Men who use e-cigarettes could end up seeing lower sperm counts and experience negative impacts on testicles and sex drive, according to a new Turkish study.
The research looked at how e-cigarette smoke could affect the male urogenital system that is responsible for tasks related to urine and reproductive activity. Conducted by researchers from the Sivas Cumhuriyet University, the study exposed one group of male rats to regular cigarette smoke and a second group to vapor from e-cigarettes (EC), while a third group was kept away. The rats were exposed to the smoke two times a day for one hour each time.
Researchers found that rats exposed to e-cigarette vapor had a lower sperm count compared to those not exposed.
Sperm count is a critical factor in fertility, as a higher count typically translates into a greater possibility of getting the female partner pregnant. Unexposed rats had a sperm count of 98.5 million sperm per millimeter, higher than the 95.1 million for the e-cigarette group, and 89 million for the traditional cigarette group.
Microscopic examination revealed that the testes of five out of eight rats exposed to e-cigarette smoke displayed structural changes. Among the vaping group, 62 percent experienced a negative physical impact on testicles. E-cigarette smoke was also associated with decreased libido.
“It should be considered that although EC liquid has been introduced as harmless in smoking cessation studies, it could increase oxidative stress and cause morphological changes in the testicle,” the study said.
“To be a safe option in smoking cessation studies, its effect on people needs to be enlightened.”
The Turkish study mirrors findings from a 2020 Danish study which looked at the effects of e-cigarette smoking in over 2,000 men.
Female Fertility, Impacts on Offspring
Vaping can also impact female fertility negatively. A September 2019 study published in the Journal of the Endocrine Society, which looked at the impact of e-cigarette smoke on pregnant mice, found there was a “significant delay in the onset of the first litter.”
“E-cigarette exposure in mice impairs pregnancy initiation and fetal health, suggesting that e-cigarette use by reproductive-aged women or during pregnancy should be considered with caution.”
In July 2023, researchers from the University of Colorado Anschutz Medical Campus reported that vaping by pregnant women can negatively affect fetus growth due to the presence of nicotine. Researchers had used an animal model for the study.
“Nicotine passes through the placenta to fetal circulation where it can accumulate to reach higher levels than in the maternal plasma. This disrupts the development of multiple organs and systems,” said Emily Bates, an associate professor of pediatrics at the university.
“Those that were exposed to vaping ended up with smaller and shorter bones during their development. Additionally, we found that the nicotine impacts which genes are turned on in the fetal lung.”
In addition to impacts on fertility, vaping has been shown to contribute to other medical complications.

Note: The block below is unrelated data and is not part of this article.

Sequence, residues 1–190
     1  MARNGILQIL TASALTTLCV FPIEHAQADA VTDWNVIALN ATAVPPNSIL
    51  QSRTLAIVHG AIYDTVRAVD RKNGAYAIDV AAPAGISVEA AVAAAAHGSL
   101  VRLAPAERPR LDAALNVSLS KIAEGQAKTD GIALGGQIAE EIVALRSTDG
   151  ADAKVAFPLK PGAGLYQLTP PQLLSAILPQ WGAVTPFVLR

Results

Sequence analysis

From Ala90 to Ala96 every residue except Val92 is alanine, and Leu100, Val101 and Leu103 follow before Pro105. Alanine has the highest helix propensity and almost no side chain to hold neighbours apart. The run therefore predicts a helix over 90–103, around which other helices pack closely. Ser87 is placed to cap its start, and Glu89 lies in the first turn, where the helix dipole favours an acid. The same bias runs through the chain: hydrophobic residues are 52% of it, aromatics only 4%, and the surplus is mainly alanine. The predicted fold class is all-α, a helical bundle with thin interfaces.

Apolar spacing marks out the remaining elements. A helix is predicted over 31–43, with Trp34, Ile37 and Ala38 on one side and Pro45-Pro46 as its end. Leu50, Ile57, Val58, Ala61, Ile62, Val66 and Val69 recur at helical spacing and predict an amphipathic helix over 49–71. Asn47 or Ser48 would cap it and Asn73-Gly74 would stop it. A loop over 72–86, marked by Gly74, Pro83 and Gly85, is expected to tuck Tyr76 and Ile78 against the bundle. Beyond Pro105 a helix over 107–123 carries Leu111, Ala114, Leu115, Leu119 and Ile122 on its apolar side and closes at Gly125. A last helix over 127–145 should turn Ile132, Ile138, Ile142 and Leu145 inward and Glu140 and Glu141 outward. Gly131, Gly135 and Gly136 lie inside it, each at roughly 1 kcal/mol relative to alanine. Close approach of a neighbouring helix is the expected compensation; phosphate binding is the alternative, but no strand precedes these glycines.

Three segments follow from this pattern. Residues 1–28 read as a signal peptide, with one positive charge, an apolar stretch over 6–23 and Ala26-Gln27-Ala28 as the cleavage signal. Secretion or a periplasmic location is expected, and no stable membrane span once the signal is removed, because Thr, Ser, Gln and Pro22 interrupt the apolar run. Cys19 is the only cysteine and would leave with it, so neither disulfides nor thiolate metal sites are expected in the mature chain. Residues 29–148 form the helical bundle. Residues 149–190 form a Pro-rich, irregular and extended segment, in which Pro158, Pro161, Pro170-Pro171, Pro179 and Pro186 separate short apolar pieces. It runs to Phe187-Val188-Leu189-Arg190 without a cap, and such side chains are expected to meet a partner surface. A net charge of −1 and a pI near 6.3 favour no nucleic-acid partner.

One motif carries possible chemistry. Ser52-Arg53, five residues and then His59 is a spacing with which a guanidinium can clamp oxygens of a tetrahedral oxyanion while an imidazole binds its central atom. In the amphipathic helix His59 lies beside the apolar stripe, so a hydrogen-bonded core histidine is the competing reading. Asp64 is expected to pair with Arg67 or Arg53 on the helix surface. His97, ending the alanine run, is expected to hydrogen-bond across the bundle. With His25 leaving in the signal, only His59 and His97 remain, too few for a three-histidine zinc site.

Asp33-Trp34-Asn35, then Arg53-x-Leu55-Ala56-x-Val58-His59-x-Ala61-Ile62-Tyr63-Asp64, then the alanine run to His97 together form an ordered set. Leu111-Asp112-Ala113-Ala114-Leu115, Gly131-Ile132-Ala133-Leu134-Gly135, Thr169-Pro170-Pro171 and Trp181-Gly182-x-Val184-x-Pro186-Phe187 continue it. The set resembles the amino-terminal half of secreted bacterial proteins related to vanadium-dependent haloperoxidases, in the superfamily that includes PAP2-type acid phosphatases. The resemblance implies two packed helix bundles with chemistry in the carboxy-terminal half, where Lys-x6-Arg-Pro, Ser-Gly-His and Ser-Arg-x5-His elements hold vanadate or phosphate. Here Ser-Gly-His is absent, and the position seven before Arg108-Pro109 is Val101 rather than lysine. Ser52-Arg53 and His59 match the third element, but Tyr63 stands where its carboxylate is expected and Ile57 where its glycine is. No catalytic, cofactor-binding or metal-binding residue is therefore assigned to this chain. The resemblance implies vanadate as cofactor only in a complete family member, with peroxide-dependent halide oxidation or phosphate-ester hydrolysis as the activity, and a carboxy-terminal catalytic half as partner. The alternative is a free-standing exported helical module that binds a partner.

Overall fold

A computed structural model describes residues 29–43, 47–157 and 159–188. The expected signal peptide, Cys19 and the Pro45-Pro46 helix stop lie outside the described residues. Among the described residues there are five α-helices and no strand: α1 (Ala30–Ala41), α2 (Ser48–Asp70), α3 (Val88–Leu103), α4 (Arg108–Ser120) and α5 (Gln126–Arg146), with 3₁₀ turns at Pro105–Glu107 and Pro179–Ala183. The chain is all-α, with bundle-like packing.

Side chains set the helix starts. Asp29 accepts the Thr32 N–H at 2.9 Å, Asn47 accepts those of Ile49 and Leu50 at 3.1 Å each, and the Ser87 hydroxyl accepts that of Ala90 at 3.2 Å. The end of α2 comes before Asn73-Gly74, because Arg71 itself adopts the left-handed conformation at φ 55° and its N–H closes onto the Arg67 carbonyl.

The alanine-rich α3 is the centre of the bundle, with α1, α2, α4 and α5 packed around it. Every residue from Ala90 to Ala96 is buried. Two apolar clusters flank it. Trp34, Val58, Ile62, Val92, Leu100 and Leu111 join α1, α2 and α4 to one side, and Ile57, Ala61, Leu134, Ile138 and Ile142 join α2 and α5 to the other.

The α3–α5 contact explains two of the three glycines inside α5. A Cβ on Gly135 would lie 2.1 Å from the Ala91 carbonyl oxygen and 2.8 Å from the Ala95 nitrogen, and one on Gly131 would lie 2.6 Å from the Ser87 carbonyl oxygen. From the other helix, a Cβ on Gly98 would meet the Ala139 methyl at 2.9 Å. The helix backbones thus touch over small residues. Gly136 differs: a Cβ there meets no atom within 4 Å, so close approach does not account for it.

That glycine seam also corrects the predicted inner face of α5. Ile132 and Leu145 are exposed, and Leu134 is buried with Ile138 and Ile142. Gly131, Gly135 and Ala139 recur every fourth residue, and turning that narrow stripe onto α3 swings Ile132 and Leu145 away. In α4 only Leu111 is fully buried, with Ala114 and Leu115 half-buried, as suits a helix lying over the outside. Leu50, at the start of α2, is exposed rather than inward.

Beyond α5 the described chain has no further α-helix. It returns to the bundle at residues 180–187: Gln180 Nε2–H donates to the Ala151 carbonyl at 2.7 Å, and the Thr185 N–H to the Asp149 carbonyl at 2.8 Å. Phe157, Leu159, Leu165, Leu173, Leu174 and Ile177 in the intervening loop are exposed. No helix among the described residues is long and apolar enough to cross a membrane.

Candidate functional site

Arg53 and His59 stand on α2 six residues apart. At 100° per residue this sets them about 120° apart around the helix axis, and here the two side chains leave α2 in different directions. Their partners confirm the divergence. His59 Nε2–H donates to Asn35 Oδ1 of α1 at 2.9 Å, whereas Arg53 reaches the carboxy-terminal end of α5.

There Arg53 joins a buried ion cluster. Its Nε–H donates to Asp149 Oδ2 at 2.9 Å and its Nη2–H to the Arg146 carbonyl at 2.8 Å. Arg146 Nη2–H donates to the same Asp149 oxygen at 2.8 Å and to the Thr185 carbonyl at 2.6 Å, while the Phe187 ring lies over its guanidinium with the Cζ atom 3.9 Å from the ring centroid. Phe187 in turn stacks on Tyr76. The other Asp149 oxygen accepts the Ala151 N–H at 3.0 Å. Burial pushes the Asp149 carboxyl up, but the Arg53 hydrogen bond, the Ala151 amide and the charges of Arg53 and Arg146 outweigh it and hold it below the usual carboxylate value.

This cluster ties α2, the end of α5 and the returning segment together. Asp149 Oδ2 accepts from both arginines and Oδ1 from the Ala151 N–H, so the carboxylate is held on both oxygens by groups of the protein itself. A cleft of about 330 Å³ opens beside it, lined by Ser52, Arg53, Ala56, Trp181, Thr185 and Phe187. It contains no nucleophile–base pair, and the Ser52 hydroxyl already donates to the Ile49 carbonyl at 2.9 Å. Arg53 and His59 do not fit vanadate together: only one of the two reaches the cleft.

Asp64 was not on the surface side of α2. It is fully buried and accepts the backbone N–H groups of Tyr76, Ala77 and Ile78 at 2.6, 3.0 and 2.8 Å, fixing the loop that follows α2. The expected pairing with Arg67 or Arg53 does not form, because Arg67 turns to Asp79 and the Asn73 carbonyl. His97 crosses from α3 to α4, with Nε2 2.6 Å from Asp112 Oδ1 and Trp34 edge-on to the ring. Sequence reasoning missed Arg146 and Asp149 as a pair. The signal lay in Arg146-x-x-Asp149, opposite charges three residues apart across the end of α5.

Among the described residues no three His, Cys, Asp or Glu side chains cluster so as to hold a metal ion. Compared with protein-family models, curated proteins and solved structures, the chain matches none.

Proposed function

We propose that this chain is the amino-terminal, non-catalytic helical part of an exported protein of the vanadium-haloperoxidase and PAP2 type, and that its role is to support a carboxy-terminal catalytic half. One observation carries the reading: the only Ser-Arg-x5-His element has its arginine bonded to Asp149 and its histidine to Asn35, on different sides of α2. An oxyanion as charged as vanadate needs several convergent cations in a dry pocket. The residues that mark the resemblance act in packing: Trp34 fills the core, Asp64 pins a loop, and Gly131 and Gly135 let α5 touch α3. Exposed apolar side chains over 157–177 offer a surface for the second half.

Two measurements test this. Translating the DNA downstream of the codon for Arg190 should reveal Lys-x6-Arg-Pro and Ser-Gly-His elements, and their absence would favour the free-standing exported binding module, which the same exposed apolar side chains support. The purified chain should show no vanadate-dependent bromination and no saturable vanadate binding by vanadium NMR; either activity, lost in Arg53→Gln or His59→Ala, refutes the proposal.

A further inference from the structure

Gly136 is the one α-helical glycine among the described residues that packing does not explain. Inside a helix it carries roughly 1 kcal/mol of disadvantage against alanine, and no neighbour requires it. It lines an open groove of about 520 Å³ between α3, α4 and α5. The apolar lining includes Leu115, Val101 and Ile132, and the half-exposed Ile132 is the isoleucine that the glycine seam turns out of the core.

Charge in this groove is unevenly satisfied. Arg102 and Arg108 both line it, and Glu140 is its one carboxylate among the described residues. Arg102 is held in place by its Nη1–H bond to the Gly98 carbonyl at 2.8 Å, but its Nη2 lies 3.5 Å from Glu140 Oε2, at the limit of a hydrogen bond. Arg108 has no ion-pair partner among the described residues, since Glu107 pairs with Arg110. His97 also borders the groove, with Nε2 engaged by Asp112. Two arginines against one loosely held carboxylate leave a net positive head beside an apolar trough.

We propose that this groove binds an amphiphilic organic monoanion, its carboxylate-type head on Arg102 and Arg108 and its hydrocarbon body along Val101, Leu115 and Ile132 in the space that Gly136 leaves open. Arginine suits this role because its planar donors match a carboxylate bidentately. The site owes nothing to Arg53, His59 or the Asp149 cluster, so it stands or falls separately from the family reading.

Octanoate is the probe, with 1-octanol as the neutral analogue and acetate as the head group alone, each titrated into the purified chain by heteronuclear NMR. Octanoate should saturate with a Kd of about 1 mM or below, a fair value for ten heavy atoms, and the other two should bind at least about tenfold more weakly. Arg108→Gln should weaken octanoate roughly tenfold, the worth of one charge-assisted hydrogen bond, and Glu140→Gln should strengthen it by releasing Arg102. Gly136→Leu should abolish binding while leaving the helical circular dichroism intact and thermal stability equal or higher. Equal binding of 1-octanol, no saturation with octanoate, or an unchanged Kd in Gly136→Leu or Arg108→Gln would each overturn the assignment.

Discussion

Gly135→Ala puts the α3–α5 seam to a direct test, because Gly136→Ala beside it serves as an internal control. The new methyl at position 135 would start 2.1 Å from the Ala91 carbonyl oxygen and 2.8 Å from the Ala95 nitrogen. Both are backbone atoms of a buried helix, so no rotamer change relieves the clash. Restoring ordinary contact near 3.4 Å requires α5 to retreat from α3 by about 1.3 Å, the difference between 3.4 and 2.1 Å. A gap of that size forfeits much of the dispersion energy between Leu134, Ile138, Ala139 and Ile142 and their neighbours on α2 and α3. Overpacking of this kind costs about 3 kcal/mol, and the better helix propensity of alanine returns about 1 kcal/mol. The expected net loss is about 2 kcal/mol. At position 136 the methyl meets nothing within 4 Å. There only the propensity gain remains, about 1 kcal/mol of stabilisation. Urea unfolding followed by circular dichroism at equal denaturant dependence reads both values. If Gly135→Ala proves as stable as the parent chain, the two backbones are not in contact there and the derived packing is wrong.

Research presented at the 2019 American Stroke Association’s International Stroke Conference showed that those who use e-cigarettes have a higher chance of suffering a heart attack or stroke.
Another study published in the European Heart Journal linked vaping with damage to lung function and brain damage.
Children at Risk
Studies about e-cigarettes affecting the body’s health are of particular concern in the United States due to a large number of children using these products—many regularly.
A study published in October last year by the U.S. Centers for Disease Control and Prevention (CDC) revealed that 2.55 million U.S. middle and high school students reported using e-cigarettes within the previous 30 days.
This included 14.1 percent of high school students and 3.3 percent of middle school kids. Almost 85 percent of them used flavored e-cigarettes.
“This study shows that our nation’s youth continue to be enticed and hooked by an expanding variety of e-cigarette brands delivering flavored nicotine,” said Deirdre Lawrence Kittner, Ph.D., M.P.H., director of the CDC’s Office on Smoking and Health.
“Our work is far from over. It’s critical that we work together to prevent youth from starting to use any tobacco product—including e-cigarettes—and help all youth who do use them to quit.”
A recent CDC study found that 11 percent of young adults aged 18-24 were current e-cigarette users. Vaping among this demographic is a concern “because nicotine adversely impacts brain development, which continues into the early to mid-20s,” it said.
Young adults were the most likely to use e-cigarettes among all adults. Young adults were also found to be more likely to be dual users of e-cigarettes and cigarettes when compared to adults aged 45 and above.
According to the CDC, most vapes contain nicotine. Vapes that do not disclose whether they contain nicotine have been found to carry the substance. This is even true for vape liquids being marketed as zero percent nicotine.
During adolescence, nicotine use can end up harming the regions of the brain that control learning, impulse control, mood, and attention.